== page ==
Three cases of measles confirmed in South Island
Three cases of measles have been confirmed in the last four days in the South Island. This is a notifiable disease and the cases have been reported in Queenstown, Wanaka and Christchurch.
At this time the common place of exposure for all three cases is Queenstown Airport, where all three are likely to have been in contact with an unknown infectious case on 21 or 22 March. This person may have had a relatively mild illness and will now be fully recovered. Any other at-risk people exposed on 21 -22 March are now at the end of their maximum incubation period and unlikely to get sick.
None of the three known cases were immunised to measles.
Southern and Canterbury DHBs are working together on this investigation and close contacts of all three cases have been identified and are being followed up.
Unimmunised people who have been exposed to any of the three cases are most likely to become ill between 10 - 20 April. People are considered immune if they have received two doses of MMR (measles, mumps, rubella) vaccine, have had a measles illness previously, or were born before 1969.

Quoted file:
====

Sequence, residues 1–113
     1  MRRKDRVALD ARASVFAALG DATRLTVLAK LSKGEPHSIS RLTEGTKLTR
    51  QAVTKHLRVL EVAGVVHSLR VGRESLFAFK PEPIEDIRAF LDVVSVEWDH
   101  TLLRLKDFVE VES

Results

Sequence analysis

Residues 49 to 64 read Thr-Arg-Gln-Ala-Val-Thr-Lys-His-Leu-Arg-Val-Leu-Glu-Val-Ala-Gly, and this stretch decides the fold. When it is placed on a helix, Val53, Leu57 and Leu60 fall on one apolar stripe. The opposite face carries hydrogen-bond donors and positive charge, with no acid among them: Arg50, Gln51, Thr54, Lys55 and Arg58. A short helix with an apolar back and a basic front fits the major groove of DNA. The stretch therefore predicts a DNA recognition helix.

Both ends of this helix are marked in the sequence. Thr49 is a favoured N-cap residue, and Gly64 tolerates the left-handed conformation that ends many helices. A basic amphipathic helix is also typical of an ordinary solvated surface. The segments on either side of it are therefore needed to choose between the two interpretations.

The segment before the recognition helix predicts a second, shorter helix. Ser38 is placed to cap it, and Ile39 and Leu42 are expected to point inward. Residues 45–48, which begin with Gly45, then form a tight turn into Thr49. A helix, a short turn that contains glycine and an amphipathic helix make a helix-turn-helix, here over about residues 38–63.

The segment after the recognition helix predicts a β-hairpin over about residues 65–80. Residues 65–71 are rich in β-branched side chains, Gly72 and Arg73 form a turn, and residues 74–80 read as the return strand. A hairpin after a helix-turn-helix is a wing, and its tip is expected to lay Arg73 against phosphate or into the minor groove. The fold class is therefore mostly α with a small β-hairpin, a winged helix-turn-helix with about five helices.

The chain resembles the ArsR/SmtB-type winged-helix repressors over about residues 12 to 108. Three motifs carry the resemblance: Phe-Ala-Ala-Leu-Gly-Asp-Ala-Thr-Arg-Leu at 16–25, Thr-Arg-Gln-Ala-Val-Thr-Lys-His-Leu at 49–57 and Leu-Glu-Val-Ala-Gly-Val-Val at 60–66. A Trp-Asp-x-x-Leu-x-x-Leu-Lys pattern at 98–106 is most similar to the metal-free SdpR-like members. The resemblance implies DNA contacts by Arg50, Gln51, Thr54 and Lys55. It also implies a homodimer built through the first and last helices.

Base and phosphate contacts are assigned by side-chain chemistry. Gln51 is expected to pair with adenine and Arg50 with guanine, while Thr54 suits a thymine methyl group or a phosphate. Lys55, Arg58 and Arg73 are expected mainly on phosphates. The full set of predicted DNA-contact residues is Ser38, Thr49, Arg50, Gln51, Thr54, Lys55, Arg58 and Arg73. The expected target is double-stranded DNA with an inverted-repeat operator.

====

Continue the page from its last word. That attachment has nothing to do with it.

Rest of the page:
Canterbury DHB Medical
Officer of Health Dr Ramon Pink says it’s important people
with symptoms don’t visit GP rooms or after-hours clinics
but phone their family doctor/general practice team first
for advice, to limit further exposure to other
“People are infectious from five days before the onset of the rash to five days after the rash starts and should stay in isolation during this time. This means staying home from school or work and having no contact with unimmunised people,” says Dr Pink.
If people call their GP Team after-hours a nurse will answer the call and advise what to do and where to go if you need to be seen.
Measles is a highly infectious viral illness spread by
contact with respiratory secretions through coughing and
sneezing. Unimmunised people exposed to measles first
develop a respiratory type of illness with dry cough, runny
nose, temperature over 38.5 C and feel very unwell. The rash
starts on day 4 – 5 of the illness usually on the face and
moving down to the chest and arms.
The best way to protect yourself from measles is to have two MMR vaccinations. MMR is available from your family practice and is free to eligible persons.
More information about measles is available here.
If you have symptoms and need advice you can also call Heathline on 0800 611 116